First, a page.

Humpback whales decreased their dive times and reduced their swimming speeds[15]Dunlop, R. A., Noad, M. J., McCauley, R. D., Kniest, E., Paton, D., & Cato, D. H. (2015). The behavioural response of humpback whales (Megaptera novaeangliae) to a 20 cubic inch air gun. Aquatic Mammals, 41(4), 412–433. https://doi.org/10.1578/AM.41.4.2015.412.. However, when comparing received levels and behavioral responses when using ramp-up versus a constant noise level of air guns, humpback whales did not change their dive behavior but did deviate from their predicted heading and decreased their swim speeds[16]Dunlop, R. A., Noad, M. J., McCauley, R. D., Kniest, E., Slade, R., Paton, D., & Cato, D. H. (2016). Response of humpback whales (Megaptera novaeangliae) to ramp-up of a small experimental air gun array. Marine Pollution Bulletin, 103(1–2), 72–83. https://doi.org/10.1016/j.marpolbul.2015.12.044..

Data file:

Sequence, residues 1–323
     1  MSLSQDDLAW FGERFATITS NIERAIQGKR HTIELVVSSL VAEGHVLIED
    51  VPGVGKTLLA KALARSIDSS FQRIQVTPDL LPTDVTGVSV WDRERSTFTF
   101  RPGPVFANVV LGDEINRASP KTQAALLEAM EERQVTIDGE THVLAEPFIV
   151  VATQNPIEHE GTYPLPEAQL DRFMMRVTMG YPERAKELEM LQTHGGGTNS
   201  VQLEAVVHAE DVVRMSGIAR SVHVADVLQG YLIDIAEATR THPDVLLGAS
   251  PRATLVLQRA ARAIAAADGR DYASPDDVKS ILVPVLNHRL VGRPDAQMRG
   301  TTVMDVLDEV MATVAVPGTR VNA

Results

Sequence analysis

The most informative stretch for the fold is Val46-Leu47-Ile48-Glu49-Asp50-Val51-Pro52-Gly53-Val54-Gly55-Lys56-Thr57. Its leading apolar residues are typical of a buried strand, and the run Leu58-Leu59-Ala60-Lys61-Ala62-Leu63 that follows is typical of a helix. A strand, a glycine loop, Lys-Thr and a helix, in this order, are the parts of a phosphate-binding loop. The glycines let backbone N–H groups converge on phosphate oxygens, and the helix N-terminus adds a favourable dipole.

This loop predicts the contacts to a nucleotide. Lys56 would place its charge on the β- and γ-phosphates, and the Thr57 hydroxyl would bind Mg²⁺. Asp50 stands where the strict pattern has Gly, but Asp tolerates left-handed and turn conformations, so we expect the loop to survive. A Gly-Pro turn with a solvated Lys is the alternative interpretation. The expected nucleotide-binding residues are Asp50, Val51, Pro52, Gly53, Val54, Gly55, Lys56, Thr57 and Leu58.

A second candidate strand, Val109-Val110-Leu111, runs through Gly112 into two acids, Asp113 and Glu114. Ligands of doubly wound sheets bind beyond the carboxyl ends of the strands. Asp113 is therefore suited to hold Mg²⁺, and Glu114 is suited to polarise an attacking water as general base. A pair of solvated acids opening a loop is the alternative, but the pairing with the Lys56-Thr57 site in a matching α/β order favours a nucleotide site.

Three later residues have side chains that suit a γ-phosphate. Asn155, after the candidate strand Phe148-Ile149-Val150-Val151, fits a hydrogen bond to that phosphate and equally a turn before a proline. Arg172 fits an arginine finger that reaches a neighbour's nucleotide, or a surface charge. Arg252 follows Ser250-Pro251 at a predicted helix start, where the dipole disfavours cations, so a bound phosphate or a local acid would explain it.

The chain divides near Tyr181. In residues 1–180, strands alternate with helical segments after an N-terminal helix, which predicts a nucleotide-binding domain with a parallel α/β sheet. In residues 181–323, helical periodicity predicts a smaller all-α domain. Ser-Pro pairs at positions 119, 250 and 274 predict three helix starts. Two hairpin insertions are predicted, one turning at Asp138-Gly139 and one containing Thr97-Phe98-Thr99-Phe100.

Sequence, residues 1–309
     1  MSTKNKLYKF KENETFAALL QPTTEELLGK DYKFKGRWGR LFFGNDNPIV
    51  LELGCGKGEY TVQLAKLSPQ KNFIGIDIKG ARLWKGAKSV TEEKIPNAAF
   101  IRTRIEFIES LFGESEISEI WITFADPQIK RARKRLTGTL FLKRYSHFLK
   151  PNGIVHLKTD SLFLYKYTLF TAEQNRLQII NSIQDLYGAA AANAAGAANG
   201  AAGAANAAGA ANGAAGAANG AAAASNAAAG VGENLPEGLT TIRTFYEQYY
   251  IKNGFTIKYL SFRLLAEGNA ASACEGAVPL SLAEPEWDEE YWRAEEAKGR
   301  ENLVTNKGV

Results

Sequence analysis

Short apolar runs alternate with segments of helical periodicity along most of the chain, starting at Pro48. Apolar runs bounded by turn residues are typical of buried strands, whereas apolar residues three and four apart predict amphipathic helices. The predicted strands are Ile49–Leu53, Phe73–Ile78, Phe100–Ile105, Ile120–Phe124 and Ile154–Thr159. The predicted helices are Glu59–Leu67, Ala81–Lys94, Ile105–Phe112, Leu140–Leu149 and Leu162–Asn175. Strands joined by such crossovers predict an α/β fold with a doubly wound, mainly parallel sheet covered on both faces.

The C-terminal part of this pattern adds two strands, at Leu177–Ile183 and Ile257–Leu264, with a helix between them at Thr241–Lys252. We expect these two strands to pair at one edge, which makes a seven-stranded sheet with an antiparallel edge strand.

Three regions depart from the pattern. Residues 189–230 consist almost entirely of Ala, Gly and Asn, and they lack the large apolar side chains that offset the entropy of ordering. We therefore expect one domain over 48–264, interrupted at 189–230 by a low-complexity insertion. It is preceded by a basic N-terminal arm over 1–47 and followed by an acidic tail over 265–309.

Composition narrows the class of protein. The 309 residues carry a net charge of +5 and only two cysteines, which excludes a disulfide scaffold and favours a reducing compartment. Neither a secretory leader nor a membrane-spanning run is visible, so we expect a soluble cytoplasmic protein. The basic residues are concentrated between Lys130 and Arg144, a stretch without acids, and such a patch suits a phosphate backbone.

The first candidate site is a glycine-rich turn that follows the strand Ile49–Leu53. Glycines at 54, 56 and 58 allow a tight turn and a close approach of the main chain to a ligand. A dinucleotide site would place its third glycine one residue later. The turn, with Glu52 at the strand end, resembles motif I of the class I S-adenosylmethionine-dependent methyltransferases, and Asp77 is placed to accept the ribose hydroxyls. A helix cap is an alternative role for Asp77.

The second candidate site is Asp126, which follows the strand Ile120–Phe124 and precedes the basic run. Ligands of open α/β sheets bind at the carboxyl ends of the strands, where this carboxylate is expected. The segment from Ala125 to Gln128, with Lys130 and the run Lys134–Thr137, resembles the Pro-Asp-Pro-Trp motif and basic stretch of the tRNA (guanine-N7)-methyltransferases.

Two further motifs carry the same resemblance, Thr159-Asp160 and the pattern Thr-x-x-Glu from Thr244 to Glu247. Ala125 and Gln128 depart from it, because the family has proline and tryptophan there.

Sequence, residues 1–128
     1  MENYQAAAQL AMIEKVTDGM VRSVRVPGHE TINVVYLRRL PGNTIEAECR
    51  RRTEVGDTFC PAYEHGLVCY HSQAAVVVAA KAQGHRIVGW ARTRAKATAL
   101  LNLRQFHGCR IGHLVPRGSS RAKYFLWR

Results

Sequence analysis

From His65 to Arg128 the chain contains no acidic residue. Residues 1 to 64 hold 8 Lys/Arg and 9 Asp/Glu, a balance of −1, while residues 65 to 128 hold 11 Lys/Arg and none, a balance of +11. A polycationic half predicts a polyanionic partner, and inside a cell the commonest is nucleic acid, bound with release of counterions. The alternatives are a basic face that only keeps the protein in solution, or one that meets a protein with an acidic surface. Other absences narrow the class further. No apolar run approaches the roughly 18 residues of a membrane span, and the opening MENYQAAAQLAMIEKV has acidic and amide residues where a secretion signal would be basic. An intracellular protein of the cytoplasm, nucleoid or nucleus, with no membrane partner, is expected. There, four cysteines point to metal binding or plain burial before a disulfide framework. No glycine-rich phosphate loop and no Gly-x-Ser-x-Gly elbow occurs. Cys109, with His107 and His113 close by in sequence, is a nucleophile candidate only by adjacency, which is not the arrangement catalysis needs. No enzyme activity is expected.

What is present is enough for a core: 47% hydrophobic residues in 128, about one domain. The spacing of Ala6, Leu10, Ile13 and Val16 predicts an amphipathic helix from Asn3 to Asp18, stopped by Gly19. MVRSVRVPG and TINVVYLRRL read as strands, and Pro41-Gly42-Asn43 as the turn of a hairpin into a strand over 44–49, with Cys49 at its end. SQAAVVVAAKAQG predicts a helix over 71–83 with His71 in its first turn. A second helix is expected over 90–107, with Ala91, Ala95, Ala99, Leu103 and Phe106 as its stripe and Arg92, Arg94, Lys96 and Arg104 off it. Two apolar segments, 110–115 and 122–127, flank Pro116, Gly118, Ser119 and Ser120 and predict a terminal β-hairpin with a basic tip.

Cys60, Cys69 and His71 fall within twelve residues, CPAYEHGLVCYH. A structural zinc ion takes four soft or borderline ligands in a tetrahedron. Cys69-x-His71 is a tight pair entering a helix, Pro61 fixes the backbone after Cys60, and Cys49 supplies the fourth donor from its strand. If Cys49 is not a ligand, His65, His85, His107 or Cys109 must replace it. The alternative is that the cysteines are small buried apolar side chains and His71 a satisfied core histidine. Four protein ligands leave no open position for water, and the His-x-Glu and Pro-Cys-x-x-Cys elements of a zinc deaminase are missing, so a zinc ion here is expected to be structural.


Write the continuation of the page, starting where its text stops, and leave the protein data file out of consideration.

Atlantic spotted dolphins showed a significant, short-term avoidance response to airguns within approximately 1 km of the source. This is in contrast to the behavioral responses observed for sperm whales. Image credit: NOAA Fisheries.